Higlights Of the American Society Of Clinical Oncology conference, Day 3
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Reported by Melissa Stoller
Though there were no Central Nervous System sessions on Monday, I saw three posters that have special significance for the BT community. Most important, CTP-11 should probably not be taken concurrently with thalidomide. Following a suggestion that thalidomide may be used to decrease GI toxicity of CPT-11 (Govindarajan, Lancet 2000; 356:566) Allegrini (Abstract 559) investigated the interactions between thalidomide and CPT-11. He found that thalidomide does, indeed, alleviate CPT-11 induced diarrhea, but this is a result of reduced metabolism of CPT-11, and a decrease in the active metabolite SN-38 (though not in SN-38G, the glucuronide.) Though the clinical significance of this interaction is unknown, it would presumably result in tumor cells encountering less active drug.
Clarke (Abstract 531), on the other hand, found no interaction and no reduction in plasma SN-38 with concurrent treatment of CPT-11 and Chrysin, an herbal flavanoid used by bodybuilders. Treatment with Chrysin reduced the frequency of diarrhea from 35% to 10%, and appears to be a safe and promising treatment for CPT-11 induced diarrhea.
I was looking forward to seeing the data presented on another natural agent, Neovastat, an anti-angiogenic agent derived from shark cartilage. Though Aeterna, its developer, had planned on presenting data from their Phase III study in a variety of advanced cancers, a VP for the company told me that the data are not yet available and the poster was uninformative. Nevertheless, it was attracting media attention.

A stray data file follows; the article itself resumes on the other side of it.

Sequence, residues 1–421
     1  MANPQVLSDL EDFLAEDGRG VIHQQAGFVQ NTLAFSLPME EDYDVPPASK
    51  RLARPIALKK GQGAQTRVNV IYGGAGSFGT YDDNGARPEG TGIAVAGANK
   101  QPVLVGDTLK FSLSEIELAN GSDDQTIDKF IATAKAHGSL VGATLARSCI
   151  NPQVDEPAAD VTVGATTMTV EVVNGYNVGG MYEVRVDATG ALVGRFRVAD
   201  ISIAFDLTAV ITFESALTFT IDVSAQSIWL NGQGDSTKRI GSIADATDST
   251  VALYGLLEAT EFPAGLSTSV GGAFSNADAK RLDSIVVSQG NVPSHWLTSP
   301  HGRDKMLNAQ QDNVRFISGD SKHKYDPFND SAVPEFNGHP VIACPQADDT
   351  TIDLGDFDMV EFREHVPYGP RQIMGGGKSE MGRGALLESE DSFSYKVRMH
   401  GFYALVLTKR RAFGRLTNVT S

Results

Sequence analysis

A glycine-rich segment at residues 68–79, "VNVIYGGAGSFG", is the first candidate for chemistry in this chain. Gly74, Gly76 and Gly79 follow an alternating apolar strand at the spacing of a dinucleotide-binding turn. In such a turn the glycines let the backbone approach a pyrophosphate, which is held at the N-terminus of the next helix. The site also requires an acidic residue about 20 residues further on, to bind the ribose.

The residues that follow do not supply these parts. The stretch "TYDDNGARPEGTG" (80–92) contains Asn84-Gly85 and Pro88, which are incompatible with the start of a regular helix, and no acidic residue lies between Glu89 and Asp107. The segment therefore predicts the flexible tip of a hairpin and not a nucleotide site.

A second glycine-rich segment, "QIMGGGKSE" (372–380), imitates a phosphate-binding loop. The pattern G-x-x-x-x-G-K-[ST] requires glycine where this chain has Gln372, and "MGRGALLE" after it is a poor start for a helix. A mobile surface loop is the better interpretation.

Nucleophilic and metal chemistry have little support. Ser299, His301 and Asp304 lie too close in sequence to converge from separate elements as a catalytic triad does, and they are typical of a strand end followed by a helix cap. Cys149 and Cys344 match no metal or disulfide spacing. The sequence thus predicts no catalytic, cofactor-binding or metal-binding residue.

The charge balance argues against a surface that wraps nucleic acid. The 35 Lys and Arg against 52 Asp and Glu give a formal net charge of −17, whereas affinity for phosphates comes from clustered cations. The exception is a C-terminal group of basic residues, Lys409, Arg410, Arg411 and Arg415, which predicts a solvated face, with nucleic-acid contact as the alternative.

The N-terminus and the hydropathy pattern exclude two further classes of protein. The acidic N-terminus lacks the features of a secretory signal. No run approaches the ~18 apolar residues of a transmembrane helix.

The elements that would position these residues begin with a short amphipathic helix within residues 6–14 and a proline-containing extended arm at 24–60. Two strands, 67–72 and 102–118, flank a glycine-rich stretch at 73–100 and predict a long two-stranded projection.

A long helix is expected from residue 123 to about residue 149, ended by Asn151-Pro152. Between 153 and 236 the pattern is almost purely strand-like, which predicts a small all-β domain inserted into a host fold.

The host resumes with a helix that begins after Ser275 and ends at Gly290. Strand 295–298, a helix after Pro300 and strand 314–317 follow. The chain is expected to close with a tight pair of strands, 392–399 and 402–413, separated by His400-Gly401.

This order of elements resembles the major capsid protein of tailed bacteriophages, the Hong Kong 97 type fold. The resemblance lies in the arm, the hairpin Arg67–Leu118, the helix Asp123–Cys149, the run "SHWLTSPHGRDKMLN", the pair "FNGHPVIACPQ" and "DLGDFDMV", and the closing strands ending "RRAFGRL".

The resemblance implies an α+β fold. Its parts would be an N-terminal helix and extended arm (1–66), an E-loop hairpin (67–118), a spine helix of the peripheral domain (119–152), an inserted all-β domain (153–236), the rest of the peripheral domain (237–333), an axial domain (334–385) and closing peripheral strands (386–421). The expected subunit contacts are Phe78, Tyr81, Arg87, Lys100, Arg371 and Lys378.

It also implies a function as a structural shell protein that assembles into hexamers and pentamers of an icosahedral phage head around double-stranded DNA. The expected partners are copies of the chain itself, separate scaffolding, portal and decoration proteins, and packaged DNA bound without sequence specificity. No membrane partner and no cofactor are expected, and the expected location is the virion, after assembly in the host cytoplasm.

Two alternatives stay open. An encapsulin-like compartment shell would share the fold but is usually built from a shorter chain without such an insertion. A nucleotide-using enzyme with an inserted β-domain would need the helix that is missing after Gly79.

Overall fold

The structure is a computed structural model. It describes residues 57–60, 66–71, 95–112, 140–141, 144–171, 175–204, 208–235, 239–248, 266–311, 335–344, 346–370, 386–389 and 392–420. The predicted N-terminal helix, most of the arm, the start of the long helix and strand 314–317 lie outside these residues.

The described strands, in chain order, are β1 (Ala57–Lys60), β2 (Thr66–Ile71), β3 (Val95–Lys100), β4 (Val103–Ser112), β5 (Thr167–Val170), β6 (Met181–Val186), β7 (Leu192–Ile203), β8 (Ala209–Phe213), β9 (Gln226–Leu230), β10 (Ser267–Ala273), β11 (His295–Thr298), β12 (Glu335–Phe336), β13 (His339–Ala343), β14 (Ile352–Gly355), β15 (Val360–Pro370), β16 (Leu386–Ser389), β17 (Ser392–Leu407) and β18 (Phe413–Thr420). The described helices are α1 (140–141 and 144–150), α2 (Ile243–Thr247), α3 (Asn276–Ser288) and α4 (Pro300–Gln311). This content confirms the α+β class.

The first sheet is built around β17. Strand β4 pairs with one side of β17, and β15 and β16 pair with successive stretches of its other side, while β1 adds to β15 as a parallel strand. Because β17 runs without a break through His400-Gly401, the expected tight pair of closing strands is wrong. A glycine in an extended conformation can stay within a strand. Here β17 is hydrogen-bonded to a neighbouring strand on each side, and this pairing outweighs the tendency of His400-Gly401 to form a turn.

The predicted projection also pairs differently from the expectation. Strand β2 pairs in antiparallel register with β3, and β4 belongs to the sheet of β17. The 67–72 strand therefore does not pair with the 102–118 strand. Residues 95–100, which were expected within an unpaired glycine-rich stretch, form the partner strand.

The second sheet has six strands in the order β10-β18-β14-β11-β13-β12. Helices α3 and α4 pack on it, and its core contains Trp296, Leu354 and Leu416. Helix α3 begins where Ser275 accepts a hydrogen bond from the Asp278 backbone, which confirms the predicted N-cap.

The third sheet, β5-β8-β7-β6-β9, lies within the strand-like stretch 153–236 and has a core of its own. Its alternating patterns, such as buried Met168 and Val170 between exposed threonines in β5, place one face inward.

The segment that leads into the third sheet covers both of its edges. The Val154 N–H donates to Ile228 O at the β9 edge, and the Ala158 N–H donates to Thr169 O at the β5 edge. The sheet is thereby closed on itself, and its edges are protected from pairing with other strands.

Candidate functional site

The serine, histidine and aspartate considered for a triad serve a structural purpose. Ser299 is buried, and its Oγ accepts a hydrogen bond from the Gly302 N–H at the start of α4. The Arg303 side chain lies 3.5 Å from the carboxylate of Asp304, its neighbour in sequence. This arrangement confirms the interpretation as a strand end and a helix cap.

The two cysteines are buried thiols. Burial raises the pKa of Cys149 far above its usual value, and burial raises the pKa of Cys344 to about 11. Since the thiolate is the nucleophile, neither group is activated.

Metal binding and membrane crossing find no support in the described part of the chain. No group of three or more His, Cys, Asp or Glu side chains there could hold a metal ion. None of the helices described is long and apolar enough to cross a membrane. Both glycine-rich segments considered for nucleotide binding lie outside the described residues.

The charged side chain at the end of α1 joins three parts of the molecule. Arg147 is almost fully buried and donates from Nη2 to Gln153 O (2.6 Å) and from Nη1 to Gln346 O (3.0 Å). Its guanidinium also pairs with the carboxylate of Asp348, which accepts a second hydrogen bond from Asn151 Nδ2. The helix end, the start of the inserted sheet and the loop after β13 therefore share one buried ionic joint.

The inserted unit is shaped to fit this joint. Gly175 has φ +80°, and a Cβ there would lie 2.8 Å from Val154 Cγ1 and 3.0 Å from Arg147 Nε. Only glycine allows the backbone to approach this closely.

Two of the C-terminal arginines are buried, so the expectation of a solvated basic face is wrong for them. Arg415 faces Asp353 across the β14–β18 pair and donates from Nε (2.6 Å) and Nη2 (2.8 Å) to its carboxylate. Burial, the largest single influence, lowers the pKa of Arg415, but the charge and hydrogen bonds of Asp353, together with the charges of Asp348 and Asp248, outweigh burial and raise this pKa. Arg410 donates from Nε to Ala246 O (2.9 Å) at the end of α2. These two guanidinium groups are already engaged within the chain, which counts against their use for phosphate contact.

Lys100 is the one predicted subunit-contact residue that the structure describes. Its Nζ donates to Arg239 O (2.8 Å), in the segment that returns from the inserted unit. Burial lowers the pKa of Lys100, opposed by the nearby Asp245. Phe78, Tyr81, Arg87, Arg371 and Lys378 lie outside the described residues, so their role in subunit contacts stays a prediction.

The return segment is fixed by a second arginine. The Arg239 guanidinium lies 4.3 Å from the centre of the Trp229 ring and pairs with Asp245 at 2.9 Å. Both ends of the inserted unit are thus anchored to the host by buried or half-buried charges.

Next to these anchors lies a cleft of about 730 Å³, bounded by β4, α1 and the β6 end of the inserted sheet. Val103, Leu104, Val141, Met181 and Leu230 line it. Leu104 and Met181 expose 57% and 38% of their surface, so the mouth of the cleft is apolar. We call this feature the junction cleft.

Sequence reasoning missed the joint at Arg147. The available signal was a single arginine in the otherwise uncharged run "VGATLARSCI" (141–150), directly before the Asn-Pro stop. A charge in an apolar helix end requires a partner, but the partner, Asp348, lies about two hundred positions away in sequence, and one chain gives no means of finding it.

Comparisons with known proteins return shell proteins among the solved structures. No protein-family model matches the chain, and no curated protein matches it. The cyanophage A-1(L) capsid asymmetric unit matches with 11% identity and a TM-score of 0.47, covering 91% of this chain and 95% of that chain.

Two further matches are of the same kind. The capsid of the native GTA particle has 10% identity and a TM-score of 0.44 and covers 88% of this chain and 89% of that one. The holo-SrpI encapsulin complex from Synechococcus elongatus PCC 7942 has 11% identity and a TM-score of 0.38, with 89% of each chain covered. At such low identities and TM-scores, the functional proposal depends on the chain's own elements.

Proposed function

Finally, phase I studies are testing the effects of high-dose celecoxib, 600-800 mg/day, in a variety of tumors. I questioned a number of the authors, and none had seen any particular side effects associated with this dosing, though the longest period any patient had been taking Celebrex at this level was 18 months.
Tomorrow is the last day of the ASCO conference. At the close of the meeting, all abstracts will be available on their website, ASCO.org. In some cases, data I report may differ from those in the abstracts. This may be the result of my error, but is more likely to reflect the updated statistics presented at the meeting. The abstracts are submitted many months in advance and additional data have often been collected.